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Pollution Prevention interns report substantial savings

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Pollution Prevention interns report substantial savings

Nick Lang calculates airflow by taking a velocity measurement on a dehumidification system. Lang had an internship with EaglePicher in which he analyzed the facility for opportunities to reduce energy usage. “The most difficult, yet most rewarding, part of the internship was proposing my suggestions to lead members of EaglePicher to try and secure funding for the projects,” Lang said. “I had the opportunity to work with several great people at EaglePicher and earned great experience while also making a difference.”

Engineering students who spent the summer researching ways to help Missouri companies cut energy and environmental costs presented their findings in an environmental seminar on Sept. 10 in Ketcham Auditorium in Lafferre Hall. Nine students from Mizzou, UMKC and Missouri S&T worked at nine different locations. They identified ways to cut energy costs, conserve water and reduce hazardous waste. The paid Pollution Prevention (P2) internships were coordinated through Mizzou’s Environmental Assistance Center (EAC).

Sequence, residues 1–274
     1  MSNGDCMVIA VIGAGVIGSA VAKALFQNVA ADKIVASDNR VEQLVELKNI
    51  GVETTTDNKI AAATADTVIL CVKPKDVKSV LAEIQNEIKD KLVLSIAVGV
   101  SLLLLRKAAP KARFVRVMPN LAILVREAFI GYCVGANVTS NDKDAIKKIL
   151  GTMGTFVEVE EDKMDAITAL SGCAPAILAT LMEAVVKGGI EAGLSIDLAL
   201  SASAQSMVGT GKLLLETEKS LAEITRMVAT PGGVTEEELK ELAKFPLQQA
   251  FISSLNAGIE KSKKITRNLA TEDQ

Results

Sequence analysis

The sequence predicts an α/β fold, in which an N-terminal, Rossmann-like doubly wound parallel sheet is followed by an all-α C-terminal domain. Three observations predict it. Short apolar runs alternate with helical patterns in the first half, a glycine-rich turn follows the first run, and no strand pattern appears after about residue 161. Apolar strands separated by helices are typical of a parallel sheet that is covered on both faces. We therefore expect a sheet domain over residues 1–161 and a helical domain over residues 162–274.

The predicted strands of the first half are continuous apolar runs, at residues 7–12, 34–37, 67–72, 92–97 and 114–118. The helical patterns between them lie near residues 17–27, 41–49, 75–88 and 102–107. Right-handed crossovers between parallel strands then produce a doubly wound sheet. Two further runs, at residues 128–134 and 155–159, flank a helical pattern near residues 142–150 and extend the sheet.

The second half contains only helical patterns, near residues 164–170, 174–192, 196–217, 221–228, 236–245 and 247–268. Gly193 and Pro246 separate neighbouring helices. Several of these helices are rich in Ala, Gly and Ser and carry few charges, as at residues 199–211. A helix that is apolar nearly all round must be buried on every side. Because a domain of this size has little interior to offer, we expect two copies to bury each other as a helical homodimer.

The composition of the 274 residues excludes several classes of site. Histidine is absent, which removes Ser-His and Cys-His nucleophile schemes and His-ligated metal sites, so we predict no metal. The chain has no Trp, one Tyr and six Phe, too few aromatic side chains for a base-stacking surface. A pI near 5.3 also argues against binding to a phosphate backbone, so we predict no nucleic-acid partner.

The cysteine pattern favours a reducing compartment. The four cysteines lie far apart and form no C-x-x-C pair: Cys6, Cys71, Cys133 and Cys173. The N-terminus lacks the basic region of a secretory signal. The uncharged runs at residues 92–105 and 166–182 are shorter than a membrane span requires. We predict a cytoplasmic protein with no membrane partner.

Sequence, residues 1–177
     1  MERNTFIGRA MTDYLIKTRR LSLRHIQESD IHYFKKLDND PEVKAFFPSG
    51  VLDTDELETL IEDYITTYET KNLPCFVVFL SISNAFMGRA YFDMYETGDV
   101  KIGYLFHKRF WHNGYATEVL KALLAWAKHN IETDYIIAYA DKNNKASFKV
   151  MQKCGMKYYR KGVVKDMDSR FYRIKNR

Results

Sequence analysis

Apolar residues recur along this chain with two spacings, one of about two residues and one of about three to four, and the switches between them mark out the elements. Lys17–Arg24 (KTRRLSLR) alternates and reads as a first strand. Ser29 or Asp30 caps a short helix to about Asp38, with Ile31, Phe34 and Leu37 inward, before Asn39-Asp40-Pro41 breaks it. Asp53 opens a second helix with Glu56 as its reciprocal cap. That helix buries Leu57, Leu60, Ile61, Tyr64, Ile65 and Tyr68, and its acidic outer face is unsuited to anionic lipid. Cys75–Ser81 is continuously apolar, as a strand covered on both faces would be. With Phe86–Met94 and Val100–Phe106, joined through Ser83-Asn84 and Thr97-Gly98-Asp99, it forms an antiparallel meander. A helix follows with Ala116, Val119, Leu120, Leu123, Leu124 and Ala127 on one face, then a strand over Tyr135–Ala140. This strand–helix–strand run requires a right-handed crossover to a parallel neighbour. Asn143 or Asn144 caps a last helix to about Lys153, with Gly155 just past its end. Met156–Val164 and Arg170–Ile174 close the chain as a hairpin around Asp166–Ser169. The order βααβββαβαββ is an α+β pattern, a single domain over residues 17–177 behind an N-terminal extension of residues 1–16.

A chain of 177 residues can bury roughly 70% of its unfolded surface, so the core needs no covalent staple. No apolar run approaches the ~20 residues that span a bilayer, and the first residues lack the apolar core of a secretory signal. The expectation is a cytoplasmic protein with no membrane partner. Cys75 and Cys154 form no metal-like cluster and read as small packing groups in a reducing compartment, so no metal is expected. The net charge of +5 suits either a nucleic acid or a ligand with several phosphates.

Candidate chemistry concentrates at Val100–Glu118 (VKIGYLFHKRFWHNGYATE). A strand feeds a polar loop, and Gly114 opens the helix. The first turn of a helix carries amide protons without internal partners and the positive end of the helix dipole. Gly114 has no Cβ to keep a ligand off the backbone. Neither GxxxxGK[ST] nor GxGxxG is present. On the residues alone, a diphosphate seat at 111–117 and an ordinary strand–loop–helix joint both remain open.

At the seminar, the students related their methods, findings and how they applied their engineering knowledge to real-world problems. Their combined findings amounted to reductions of more than 3,500 metric tons of greenhouse gases; 3 million kilowatt-hours of electricity; 127,000 pounds of hazardous waste; 4.3 million gallons of water and over $610,500 in annual savings. During the program’s last three years, interns have identified more than $1 million in savings through environmental improvements.

”Today’s companies are beginning to understand the real costs of inefficiency,” said EAC Director Marie Steinwachs. “We wish every engineering student would take our Pollution Prevention course so that they enter the workforce knowing how to find savings in any type of operation.”

The P2 intern program is supported by the College of Engineering and Extension Business Development Program and funded by the Environmental Protection Agency.

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